Gear for The Raconteurs sessions in Blackbird Studio D On the professional recording scene, there are certain studios and related businesses that, for recordists infected with a severe case of gear lust, are the definition of Utopia. Paradise, Wonderland, Elysium — these mystical names are evoked when considering the almost unimaginable list of equipment available to anyone with the time and budget to revel in it.
Needless to say, Nashville has its share of such hotspots, and in particular, Blackbird Studio and its Blackbird Audio Rentals division are presently perched at the top of Music City’s recording infrastructure. Other studios in the area, such as Paragon, in nearby Franklin, also claim an enviable ability to satisfy an engineer’s deepest yearning, via hard- or software.
“It’s unbelievable,” says Rolff Zwiep of Blackbird Audio Rentals’ exploding business, which serves the entire U.S. as well as the local community. “We all know there are studios closing. There are businesses related to the industry closing, too. Obviously, budgets are down; big-project budgets are as much as split in half now. So rather than investing in the gear, people are renting for a fraction of the cost, and leaving the maintenance and upkeep of the gear to the person who owns it. We don’t have a problem with that, because we’ve got our own tech shop within the studio complex. They maintain all the gear in our inventory, except for a few select microphones, which we send to a local mic tech.”
Like Blackbird Audio Rentals, Blackbird Studio boasts an equipment list that would fill this magazine and then some. “We have one of the largest selections of outboard gear in the world,” says Blackbird’s chief recording engineer, Vance Powell. “Things that get used often, we have a lot of. I had to look it up the other day; we have 28 [Urei] Blackface 1176s. I think we’ve got about 40 Pultecs.” When it comes to the tools people use to make records, he says, “We have a lot of some of them, and some of a lot of them.”
Blackbird Burgeons with Choices in Hardware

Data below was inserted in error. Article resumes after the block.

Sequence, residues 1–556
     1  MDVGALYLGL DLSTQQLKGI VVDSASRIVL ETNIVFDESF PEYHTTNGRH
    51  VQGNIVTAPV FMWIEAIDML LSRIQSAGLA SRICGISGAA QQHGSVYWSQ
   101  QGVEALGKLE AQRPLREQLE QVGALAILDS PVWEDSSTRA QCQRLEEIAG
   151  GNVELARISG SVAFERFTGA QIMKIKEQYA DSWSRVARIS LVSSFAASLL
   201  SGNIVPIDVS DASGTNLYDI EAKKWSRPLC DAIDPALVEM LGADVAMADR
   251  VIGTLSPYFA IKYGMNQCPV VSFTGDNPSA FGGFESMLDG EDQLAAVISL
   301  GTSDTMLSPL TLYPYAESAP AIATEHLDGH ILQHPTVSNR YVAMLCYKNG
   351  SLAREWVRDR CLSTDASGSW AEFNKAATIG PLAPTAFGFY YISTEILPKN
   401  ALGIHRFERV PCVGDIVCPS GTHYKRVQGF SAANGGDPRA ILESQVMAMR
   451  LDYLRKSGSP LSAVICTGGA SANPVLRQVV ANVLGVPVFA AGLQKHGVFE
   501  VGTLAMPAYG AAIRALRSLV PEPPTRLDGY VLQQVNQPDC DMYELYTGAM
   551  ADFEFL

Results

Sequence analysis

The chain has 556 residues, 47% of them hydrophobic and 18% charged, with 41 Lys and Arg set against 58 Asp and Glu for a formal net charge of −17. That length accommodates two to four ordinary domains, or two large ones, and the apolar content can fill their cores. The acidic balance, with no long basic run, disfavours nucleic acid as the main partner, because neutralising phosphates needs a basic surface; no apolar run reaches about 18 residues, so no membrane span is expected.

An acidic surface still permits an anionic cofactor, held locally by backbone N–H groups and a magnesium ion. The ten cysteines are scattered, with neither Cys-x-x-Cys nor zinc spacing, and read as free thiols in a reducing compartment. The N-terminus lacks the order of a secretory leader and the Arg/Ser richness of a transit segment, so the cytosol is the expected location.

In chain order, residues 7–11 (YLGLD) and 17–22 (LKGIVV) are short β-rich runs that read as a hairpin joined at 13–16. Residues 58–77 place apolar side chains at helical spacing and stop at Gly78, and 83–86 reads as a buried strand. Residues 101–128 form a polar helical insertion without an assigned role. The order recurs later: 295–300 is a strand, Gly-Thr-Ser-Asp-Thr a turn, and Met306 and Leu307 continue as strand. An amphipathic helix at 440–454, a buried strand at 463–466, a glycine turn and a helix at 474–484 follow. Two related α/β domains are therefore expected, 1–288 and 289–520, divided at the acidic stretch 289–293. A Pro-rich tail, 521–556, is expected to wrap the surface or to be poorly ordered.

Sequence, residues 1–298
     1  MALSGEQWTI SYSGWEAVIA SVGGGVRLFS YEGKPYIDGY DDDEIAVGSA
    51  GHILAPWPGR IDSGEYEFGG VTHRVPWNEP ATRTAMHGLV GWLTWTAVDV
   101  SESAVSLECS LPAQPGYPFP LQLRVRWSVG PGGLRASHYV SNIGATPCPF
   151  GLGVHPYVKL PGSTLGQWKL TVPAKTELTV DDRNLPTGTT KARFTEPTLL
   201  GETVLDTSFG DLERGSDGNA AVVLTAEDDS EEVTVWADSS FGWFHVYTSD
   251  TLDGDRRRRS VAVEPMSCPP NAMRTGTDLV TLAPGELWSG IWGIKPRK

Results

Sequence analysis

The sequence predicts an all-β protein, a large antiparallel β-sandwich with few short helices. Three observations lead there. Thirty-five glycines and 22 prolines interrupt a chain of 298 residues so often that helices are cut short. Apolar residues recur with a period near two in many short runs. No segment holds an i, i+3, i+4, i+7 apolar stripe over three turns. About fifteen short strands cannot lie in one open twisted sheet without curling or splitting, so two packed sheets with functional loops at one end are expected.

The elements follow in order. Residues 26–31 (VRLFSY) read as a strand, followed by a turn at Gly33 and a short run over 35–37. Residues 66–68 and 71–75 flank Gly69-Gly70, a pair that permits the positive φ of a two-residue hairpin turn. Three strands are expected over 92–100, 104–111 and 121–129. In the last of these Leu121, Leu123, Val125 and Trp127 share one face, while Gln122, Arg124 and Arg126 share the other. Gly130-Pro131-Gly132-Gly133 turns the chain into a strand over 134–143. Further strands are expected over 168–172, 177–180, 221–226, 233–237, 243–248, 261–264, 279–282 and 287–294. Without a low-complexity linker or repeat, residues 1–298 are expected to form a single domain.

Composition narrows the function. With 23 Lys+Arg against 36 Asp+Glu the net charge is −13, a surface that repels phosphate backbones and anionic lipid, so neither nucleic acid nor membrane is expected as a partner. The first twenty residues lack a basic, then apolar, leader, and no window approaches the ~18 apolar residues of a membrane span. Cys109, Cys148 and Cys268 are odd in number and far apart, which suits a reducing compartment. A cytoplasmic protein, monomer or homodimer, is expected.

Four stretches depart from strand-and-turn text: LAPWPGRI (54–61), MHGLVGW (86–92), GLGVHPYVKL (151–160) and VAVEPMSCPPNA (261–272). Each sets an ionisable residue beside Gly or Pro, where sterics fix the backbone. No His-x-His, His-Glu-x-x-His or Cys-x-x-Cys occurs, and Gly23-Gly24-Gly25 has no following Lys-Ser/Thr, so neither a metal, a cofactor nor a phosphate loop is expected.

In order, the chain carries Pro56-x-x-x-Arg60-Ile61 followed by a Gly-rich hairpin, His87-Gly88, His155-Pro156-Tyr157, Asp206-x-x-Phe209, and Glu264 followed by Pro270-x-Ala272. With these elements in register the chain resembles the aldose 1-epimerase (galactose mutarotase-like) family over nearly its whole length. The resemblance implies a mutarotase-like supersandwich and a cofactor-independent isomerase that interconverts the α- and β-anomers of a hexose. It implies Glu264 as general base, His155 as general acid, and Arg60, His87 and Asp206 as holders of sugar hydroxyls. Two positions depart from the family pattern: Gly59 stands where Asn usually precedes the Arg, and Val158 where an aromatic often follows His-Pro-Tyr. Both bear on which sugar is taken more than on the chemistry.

Located in the Berry Hill community, Blackbird Studio, says Powell, is more than likely to have whatever boutique item one could want. DW Fearn compressors? Check. Great River preamps? Check. Universal Audio LA-1A, BBC compressors, Decca compressors? EMI Curve Bender, Eventide 2016, Quantec Room Simulator, Marshall Time Modulator? You get the idea. There is a near-infinite supply of standard and boutique processing gear at the studio and Blackbird Audio Rentals, owing to John McBride, owner, longtime live-sound engineer and spouse of country superstar Martina McBride. “I think John has $3 million in vintage guitars,” says Powell. “Forty vintage Gretsch drum kits. We have a storage building onsite, and a 13,000-square-foot warehouse that has two [Sony] Oxford consoles, a Trident 80B, a Neotek console, several tape machines that were just overflow, and all of Martina’s touring gear. We have a lot of stuff.”
At Paragon Studios, owner Fred Paragano has observed clients using his studio’s outboard equipment less and less, in favor of their own hardware or software plug-ins. For all the gear, however, the tried-and-true, meat-and-potatoes processing equipment remains at the top of many a Nashville audio pro’s wish list. For the contemporary paradigm, in which basic tracks are recorded in a studio and overdubs often completed in a smaller studio or a home, a rental company allows artist, engineer, and producer to replicate the recording chain they enjoyed in a high-end environment without paying a potentially prohibitive rate. Often, says Zweip, clients will rent a small tracking package, or simply a vocal chain comprised of microphone, preamp, compressor/limiter, and perhaps EQ. “Neves, Universal Audio, and all the typical brand names,” he notes. “It seems like Nashville has a ‘safe spot,’ where Martech pres, Pultec EQs, Tube Tech compressors, and [Universal Audio] LA-2As are real popular. Those seem to be pretty hot items, but that may be hot for one week and something else takes off next week. It’s unpredictable — that’s why it’s really great to have such a deep inventory.
“I think we have 10 [Fairchild] 670s and two 660s,” Powell adds. “I’d have to look it up, but it’s more than 10. [Neve] 1073s. I love Daking mic pres for certain things. Chandler stuff is great; I love the Germanium series, love the Zener [limiter].”
Paragon Plugs In